Monday, February 16, 2009

Bostonist: Shepard Fairey Talks Obama, Plagiarism and Capitalism at ICA

There are few people left in Boston who aren't sick of Shepard Fairey's name and his attendant controversies at this point, but I wanted to make sure that my writeup of his pre-arrest lecture at the ICA was linked here for posterity.

Fairey, for those who don't know, recently became famous for his ubiquitous OBAMA HOPE poster. He is a controversial figure these days because this poster and other works of Fairey's have been said to draw too heavily on original works by uncredited artists and copyrighted photographs. Others are turned off by the fact that the former skateboarder and staunch counter-culture figure has made a lot of money by selling his designs to companies like Saks Fifth Avenue. Fairey has also been accused of and even arrested for vandalism by putting his works up on private and government property, and in fact he was hauled away in cuffs the night after this lecture on an outstanding warrant, much to the chagrin of the assembled hipsters at the ICA, who were waiting to see him DJ an art party.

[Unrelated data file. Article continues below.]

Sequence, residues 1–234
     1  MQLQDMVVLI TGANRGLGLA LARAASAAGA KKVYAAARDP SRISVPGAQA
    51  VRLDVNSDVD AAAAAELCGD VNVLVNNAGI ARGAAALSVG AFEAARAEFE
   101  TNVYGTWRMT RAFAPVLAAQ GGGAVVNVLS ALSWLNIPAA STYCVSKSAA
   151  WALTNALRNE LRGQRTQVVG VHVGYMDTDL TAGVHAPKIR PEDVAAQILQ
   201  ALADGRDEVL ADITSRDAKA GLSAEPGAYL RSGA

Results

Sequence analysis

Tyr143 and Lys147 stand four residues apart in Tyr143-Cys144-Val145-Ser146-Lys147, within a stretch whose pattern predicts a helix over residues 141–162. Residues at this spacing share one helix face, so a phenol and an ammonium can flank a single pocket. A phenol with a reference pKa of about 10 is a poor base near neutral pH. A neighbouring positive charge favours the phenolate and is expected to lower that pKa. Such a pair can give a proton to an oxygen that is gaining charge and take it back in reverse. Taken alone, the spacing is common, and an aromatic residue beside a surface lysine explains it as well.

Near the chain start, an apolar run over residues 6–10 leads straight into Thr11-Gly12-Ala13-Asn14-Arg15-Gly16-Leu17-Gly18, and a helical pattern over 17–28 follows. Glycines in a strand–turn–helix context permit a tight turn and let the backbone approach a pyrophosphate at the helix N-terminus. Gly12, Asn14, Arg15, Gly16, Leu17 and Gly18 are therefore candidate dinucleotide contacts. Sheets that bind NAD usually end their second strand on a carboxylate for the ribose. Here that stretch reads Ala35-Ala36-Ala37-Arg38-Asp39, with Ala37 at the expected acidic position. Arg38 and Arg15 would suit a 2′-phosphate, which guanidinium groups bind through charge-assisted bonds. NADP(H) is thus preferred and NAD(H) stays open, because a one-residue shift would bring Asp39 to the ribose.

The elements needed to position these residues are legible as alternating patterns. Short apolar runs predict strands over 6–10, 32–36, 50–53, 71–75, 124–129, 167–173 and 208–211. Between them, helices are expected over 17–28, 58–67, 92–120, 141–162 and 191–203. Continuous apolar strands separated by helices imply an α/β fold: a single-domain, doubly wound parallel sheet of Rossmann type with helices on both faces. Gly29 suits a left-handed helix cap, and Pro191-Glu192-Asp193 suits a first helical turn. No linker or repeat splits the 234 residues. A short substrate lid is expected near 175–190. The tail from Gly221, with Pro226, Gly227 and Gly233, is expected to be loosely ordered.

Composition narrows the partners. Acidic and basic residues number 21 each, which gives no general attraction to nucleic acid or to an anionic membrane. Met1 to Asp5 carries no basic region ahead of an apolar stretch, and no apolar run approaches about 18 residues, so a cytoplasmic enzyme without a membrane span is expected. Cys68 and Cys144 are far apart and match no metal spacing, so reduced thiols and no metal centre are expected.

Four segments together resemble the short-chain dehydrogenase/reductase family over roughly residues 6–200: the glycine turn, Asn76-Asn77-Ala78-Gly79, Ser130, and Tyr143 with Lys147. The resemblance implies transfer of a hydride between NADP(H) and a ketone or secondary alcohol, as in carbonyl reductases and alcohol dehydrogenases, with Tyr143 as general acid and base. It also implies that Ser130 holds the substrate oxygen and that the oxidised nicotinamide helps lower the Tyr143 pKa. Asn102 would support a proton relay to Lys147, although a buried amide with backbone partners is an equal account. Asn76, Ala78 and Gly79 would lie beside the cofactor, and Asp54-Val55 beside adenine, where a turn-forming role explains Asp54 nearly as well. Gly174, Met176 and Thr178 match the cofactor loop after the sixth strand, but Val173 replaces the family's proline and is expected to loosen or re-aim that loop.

As my article indicates, I found Fairey to be charming and clever -- clever like a fox. He shook off the accusations of plagiarism and vandalism easily, and his handlers at the ICA allowed him to do so. However, the fact that he was later arrested shows there are tangible limits to the abstract conversation he was attempting to craft about power, laws, money, and ownership.

I think the conversation about the relationship between power and art might have continued after his arrest in an interesting way, actually, but the ensuing avalanche of super-simplified opinions for and against Fairey in the local media ("he's a hero!" "he's just a punk kid with no respect for authority!") has made it all very tedious instead. So I'll just leave off here.


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